DEAR DIDI: Do dogs feel guilty for things they have done? Our boy sure looks like he KNOWS he has done something wrong when we get home from work. – Shepherd Parents
DEAR SHEPHERD PARENTS: I think everyone knows what this looks like. The dog’s head hangs low, his ears drooping and looking sideways away from the humans. It’s that look our dogs get after we come home and they have, yet again, raided the kitchen trash can or pooped on the living room carpet. These are all classic signs of guilt, right? “He knows he isn’t supposed to get into the trash! See, he looks guilty!”
Even though man’s best friend is showing all the same signs of guilt that we see in humans it doesn’t mean he is actually sorry. We assume dogs feel guilty because we anthropomorphize them, meaning we think of them as humans and apply human logic to their actions. We assume that they share our cognitive and emotional abilities, which causes us to read their actions and behaviors the same way we would read a human’s. As much as we love our dogs and count them as family members, they are not like humans. They do not feel guilt like humans.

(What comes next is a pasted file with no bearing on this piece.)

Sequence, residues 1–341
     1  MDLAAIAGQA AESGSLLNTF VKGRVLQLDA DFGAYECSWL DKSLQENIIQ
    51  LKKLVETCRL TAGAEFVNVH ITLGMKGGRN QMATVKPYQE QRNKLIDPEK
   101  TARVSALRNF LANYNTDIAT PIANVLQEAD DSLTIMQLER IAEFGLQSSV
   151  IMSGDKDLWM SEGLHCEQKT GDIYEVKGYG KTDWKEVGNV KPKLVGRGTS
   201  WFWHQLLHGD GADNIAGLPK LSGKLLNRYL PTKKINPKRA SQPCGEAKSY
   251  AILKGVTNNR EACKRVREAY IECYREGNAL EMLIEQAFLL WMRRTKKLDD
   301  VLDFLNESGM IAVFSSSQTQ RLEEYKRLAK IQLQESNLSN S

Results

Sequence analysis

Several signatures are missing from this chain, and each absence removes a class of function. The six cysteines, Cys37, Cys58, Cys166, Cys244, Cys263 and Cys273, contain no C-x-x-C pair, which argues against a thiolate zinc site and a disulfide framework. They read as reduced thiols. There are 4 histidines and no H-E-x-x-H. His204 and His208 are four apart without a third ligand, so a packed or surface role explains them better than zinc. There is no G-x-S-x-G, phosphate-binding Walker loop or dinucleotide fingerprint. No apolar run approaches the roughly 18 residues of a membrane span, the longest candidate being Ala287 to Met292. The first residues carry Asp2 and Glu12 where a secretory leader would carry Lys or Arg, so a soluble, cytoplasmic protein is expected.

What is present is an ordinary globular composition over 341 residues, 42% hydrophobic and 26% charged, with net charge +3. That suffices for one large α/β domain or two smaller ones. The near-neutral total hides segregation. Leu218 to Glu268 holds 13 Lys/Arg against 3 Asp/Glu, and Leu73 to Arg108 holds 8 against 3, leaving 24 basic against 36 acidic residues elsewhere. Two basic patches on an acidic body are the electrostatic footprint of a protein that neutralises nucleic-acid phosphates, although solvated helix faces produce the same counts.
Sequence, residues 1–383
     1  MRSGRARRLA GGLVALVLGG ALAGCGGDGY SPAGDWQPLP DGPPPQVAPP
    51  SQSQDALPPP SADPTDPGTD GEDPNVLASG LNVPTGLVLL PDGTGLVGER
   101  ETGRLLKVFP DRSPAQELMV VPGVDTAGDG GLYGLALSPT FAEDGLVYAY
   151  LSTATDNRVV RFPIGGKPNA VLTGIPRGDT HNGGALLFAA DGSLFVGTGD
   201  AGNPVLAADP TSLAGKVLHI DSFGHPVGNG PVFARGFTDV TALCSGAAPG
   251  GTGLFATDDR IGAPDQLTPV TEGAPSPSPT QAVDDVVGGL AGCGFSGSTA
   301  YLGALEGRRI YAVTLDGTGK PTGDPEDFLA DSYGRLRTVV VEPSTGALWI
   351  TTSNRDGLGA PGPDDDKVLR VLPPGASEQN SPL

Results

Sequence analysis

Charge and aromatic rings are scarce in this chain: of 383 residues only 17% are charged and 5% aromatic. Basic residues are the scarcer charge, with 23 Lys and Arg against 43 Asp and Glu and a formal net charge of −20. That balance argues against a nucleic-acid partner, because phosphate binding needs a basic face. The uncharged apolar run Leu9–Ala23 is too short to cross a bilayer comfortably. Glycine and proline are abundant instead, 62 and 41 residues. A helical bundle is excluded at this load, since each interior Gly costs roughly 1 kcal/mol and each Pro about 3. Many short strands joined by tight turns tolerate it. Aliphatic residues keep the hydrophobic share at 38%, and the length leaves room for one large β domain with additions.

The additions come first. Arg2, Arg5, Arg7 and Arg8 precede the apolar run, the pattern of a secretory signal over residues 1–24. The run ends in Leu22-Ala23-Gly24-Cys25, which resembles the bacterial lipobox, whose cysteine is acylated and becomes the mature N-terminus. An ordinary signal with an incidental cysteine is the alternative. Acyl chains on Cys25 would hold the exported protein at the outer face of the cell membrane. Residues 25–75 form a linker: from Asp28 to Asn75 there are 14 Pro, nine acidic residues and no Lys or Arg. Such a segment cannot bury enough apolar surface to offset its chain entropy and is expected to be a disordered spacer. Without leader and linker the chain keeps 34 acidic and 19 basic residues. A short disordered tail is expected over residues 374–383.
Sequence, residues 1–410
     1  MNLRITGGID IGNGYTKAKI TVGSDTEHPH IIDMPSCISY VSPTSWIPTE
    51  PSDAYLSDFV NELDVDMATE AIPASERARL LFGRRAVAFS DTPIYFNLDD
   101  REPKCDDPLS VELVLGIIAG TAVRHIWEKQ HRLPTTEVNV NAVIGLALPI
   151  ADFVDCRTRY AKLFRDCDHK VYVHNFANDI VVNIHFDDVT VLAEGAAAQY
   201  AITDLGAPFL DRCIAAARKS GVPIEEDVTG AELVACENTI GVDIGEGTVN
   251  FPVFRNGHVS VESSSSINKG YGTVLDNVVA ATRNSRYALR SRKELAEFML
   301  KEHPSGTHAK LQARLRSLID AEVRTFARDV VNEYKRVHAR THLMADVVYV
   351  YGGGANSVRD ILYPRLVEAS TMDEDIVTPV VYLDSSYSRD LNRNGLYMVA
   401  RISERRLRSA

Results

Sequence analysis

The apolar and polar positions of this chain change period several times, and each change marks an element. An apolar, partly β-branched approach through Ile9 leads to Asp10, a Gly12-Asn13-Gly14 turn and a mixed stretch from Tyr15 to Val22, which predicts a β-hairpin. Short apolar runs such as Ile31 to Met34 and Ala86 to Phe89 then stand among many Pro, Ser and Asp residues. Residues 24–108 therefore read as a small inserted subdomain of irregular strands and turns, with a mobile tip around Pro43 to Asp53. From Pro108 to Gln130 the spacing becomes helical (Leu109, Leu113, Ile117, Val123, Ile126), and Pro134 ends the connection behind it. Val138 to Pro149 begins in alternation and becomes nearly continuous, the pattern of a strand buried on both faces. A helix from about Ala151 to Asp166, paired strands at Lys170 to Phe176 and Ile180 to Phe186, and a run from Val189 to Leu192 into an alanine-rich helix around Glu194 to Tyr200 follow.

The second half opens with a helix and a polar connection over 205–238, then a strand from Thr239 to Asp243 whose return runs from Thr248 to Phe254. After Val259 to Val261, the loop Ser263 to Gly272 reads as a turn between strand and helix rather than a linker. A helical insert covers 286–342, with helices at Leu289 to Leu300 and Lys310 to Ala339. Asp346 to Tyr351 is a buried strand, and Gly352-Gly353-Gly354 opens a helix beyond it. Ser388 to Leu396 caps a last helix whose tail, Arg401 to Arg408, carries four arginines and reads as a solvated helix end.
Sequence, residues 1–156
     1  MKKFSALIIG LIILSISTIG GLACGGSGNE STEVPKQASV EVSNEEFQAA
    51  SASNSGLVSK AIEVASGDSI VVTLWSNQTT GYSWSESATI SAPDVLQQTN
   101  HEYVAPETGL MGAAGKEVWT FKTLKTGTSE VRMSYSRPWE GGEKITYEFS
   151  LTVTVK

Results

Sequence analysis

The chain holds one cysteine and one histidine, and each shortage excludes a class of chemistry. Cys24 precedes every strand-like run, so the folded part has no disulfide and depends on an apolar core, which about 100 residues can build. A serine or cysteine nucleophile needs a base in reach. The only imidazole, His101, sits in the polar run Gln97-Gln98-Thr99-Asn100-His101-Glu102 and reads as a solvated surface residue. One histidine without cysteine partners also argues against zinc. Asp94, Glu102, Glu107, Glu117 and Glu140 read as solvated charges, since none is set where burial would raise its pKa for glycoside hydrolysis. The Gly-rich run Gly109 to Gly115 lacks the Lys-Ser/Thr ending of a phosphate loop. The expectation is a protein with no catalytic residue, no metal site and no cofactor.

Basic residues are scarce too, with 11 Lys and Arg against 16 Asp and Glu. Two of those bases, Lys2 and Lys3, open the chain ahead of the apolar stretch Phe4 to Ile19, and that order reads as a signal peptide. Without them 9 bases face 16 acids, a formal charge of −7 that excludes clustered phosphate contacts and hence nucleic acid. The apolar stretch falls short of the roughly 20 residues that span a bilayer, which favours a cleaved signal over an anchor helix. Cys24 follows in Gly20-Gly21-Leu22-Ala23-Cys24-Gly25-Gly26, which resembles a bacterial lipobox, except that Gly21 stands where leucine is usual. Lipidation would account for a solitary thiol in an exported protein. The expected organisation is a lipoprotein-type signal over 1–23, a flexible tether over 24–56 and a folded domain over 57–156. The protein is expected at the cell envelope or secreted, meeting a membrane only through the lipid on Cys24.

In order to feel guilt, you have to have reference to yourself and be able to remember what you did in the past. Guilt comes from an absolute knowing that what you did was something you weren’t supposed to do. Dogs don’t learn the way humans do. You can’t show the dog the mess he made with the trash can three hours ago while you were at work and punish him for it because he will not associate his actions from hours ago with the reason for the punishment. Instead, he begins to associate you coming home from work as being a time he gets yelled at. So the minute you walk in the door he anticipates your anger and offers ‘calming signals.’ Most owners report that if their dog “looks guilty” they don’t punish him as harshly or for as long. Your dog learns to offer the hung head, averted gaze and drooped ears because he has learned it calms the angry human a little bit. So remember that the next time Fido tries to pull the guilt act, he’s probably not sorry that he peed on your bathrobe but he sure is sorry that you are angry.
Dierdra McElroy is a graduate of Texas A&M University and is an Animal Behaviorist specializing in canines. If you have questions or concerns about the pets in your house, you can get them answered through a future column of Dear Didi. Email your questions or inquire about dog behavior presentations at firstname.lastname@example.org.